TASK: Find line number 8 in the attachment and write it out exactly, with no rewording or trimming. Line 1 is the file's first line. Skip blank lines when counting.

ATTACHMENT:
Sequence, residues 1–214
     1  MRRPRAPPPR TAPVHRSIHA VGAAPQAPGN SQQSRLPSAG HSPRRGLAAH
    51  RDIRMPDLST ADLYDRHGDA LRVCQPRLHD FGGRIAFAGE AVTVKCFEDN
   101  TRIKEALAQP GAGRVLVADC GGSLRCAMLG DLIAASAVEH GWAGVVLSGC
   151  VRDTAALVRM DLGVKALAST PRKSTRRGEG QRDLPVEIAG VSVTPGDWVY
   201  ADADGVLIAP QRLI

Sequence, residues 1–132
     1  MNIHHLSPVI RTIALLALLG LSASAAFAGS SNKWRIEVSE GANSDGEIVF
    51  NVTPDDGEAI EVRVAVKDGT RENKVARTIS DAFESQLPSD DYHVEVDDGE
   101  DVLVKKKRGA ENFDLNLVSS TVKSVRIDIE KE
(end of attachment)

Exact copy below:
     1  MNIHHLSPVI RTIALLALLG LSASAAFAGS SNKWRIEVSE GANSDGEIVF